Kiribati architecture and design

I’ve been thinking over the last couple of days…

Even though I’m clearly dedicated to spreading the climate change and rising sea water problems in Kiribati, that’s not entirely why I started this website. I want to share the Kiribati culture. To share the stories of the people so that everyone could learn a little bit more about this wonderful Pacific country. It’s not just huge tides and declining land mass.

Kiribati is a country that is full of amazing weavers, artists, skilled fishermen, dynamic architects and structural engineers. The buildings, fishing equipment, household items, techniques and skills are so unique to Kiribati – and each of them responds perfectly to the way of life that is lived in the islands.

I suppose the most imposing and most significant building is the maneaba – the meeting house. A large building that has the same purpose as a local town hall. It’s for large meetings, events This large structure has a roof of thatched pandana leaves, held together by rope made from coconut husks. The roof is impressively high while the edges of the roof sit so low that most people have to bow when entering in the building. This keeps the building as cool as possible and is without doubt, the best place to be in the humid middle of the day. The are also various similar structures called kiakia’s and te buia’s – which are huts usually for households.If you’ve been to Kiribati and stayed in a hut, it would usually be one of these.

Maneaba 1979
Maneaba 1979

One of my favourite pieces of Kiribati architecture is the traditional canoe – Te Wa. It is held together entirely by rope made of the coconut husks which the women of the village/family make. This rope is a skill in itself and I caused many fits of laughter by comparing my rope to my skilled grandma’s. The canoe is made by the men in the village, but this couldn’t be done without relying on the strength and quality of the women’s rope. A thought which I find so wonderful 🙂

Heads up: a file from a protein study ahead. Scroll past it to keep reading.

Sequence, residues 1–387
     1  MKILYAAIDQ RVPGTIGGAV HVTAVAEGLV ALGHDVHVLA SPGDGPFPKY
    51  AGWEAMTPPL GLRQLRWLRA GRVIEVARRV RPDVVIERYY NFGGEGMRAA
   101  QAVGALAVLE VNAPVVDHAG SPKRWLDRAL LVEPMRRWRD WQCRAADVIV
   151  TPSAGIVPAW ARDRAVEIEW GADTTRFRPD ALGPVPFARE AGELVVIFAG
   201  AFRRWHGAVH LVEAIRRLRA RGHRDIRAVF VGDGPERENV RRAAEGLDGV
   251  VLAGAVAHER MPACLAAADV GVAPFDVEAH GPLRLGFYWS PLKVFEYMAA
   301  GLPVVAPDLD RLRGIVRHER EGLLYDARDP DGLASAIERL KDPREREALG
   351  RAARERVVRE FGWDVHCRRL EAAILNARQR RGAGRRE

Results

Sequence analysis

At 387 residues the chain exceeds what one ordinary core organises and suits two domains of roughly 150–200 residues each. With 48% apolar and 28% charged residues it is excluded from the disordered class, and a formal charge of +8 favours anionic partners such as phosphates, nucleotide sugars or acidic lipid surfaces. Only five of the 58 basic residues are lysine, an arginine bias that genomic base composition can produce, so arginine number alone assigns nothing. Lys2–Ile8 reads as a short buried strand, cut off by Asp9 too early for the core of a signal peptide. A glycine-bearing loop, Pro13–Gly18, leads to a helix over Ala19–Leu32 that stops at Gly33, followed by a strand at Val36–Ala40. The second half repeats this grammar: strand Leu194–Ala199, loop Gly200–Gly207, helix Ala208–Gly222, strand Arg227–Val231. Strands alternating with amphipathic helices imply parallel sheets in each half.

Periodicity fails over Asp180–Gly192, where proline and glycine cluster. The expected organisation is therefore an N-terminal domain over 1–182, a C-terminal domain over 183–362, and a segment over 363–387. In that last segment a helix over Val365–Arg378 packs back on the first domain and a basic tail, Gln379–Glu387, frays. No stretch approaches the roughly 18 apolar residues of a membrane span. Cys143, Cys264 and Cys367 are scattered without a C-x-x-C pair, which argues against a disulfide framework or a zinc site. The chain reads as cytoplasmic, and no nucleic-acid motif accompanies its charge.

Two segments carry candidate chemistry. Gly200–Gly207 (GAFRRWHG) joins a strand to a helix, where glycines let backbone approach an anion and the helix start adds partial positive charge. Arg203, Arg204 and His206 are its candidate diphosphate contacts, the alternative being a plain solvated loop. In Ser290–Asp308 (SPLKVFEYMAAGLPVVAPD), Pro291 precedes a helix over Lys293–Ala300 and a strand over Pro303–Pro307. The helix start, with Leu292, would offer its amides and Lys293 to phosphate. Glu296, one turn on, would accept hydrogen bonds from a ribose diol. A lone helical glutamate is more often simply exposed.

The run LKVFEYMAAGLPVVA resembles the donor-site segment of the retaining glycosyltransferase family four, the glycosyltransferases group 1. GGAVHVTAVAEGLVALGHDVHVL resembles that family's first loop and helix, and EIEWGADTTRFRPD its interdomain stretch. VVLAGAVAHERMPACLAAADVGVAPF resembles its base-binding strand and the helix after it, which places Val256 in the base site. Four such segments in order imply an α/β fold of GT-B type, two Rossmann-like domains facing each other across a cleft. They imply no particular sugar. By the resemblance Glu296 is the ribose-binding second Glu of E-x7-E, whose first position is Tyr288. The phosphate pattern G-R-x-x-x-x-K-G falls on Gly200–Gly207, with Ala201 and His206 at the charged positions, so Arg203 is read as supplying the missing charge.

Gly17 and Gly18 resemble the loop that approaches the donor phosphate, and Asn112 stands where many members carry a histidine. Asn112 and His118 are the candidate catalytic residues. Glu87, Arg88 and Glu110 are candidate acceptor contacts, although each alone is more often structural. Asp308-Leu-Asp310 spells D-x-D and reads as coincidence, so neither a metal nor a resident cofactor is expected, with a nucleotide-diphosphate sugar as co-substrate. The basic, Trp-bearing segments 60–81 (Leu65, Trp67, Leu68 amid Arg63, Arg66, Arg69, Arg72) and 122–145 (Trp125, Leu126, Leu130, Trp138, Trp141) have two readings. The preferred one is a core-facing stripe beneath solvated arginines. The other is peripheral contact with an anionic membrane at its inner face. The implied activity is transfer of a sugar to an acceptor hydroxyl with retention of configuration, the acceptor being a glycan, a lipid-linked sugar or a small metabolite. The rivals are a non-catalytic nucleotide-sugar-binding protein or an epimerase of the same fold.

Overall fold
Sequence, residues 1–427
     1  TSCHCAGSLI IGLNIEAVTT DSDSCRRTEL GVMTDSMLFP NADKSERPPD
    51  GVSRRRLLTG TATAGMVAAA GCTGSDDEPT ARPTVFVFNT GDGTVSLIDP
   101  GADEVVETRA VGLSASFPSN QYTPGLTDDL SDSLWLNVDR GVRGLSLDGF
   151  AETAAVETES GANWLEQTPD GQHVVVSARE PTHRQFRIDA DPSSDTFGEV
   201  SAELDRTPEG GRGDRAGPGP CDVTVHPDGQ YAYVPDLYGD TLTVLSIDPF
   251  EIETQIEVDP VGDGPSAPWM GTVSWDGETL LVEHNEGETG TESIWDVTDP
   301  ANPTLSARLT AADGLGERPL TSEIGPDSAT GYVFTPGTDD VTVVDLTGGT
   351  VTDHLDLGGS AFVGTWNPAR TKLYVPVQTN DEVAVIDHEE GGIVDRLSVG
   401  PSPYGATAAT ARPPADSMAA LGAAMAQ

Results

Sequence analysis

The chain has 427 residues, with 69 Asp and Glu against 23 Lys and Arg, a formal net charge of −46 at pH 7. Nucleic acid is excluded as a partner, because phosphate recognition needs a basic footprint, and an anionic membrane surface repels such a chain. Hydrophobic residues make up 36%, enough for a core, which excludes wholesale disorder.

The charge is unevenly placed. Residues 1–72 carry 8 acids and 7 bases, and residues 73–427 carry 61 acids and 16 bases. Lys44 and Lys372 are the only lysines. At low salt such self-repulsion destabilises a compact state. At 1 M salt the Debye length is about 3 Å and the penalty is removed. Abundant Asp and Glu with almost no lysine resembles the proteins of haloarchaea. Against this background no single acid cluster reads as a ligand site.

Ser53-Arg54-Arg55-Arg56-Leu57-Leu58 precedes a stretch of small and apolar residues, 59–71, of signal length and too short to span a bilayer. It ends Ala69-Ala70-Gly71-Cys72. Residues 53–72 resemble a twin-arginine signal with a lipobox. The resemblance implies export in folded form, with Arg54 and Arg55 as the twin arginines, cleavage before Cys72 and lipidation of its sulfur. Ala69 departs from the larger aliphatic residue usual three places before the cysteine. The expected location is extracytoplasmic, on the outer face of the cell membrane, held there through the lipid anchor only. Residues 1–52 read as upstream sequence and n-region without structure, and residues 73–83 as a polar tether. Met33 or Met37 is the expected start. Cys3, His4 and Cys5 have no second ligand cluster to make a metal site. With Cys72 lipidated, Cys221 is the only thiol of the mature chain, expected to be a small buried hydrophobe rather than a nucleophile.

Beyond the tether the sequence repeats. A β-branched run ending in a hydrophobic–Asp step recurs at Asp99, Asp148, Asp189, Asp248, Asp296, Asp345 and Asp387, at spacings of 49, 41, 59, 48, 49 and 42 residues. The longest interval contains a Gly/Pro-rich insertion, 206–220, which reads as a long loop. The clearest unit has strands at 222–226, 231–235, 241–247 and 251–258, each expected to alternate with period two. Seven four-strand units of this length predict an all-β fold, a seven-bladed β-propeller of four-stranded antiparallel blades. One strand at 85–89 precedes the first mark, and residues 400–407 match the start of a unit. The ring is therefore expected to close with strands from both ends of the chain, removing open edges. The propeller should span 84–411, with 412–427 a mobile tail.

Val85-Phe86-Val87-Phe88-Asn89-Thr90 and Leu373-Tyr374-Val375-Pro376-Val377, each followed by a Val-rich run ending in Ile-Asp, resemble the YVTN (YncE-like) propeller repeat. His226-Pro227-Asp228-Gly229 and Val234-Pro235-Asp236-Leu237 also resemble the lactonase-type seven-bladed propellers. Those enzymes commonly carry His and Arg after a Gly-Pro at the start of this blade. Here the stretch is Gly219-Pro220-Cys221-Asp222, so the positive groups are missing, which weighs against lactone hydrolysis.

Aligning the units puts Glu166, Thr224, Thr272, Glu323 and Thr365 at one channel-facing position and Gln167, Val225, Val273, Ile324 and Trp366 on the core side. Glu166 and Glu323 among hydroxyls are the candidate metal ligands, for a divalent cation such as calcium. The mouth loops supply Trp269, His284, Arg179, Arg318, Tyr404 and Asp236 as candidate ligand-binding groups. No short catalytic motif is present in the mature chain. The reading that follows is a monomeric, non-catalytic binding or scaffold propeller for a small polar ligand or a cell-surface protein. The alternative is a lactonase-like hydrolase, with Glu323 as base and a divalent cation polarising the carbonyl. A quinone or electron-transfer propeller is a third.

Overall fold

Kiribati canoe, courtesy of
Kiribati canoe, courtesy of


Kiribati canoe and fisherman
Kiribati canoe and fisherman

It is an amazing architectural feat, which can withstand the Pacific ocean and is iconic to the country. Plus, how beautiful are they? There is a fantastic photo essay of the canoe by photographer Tony Whincup – check out the link here – I could look at these images for hours.

The last one I want to focus on are the women’s weaving skills. From coconut tree leaves, pretty much every I-Kiribati woman can make mats, toys, baskets, hats, clothing, fans …(list goes on). The skills that are passed down through the generations are so unique to Kiribati culture and again the quality is awesome. The hands are small, delicate and nimble and they throw hundreds of coconut leaves around like it’s the easiest thing in the world. It’s not. I’ve tried it and I’ll stick to scaling the fish thanks…

Terira (grandma) weaves a basket
Terira (grandma) weaves a basket
Terira (grandma) makes my garland
Terira (grandma) makes my garland


Kiribati weaving
Kiribati weaving

2002 dancer


I suppose why I want to share this, is because Kiribati has such a strong cultural heart full of stories, skills and inventions. It’s not just land that is threatened at each high tide, it’s all of this. It’s a way of life.

Ko raba,

Nei Marita

5 Comments Add yours

  1. Eric Larson says:

    Absolutely correct. The I-Kiribati are geniuses. The craftsmanship of these very utilitarian buildings and tools is astounding. Thank you for highlighting them.

  2. Mareta Iotua says:

    Thank you for sharing on the website

  3. Mireka Taiki says:

    I would suggest that Kiribati government has to look at the engineering of causeways around the islands. There is less or no complications with places that have bridges where the passages are. Do you think the President has used the money that was given as a help to change your climate? It is better to fix up what human being has done to Nature. Nature is seriously warning human beings not to play around with Nature. Fix up all the passages where water used to come in and out, in other words fix up your own mess.

  4. Ata Greig says:

    thank YOU for this website because it is more helpful with my research

    1. No worries! Glad I can help 🙂

Leave a Reply

Fill in your details below or click an icon to log in: Logo

You are commenting using your account. Log Out /  Change )

Twitter picture

You are commenting using your Twitter account. Log Out /  Change )

Facebook photo

You are commenting using your Facebook account. Log Out /  Change )

Connecting to %s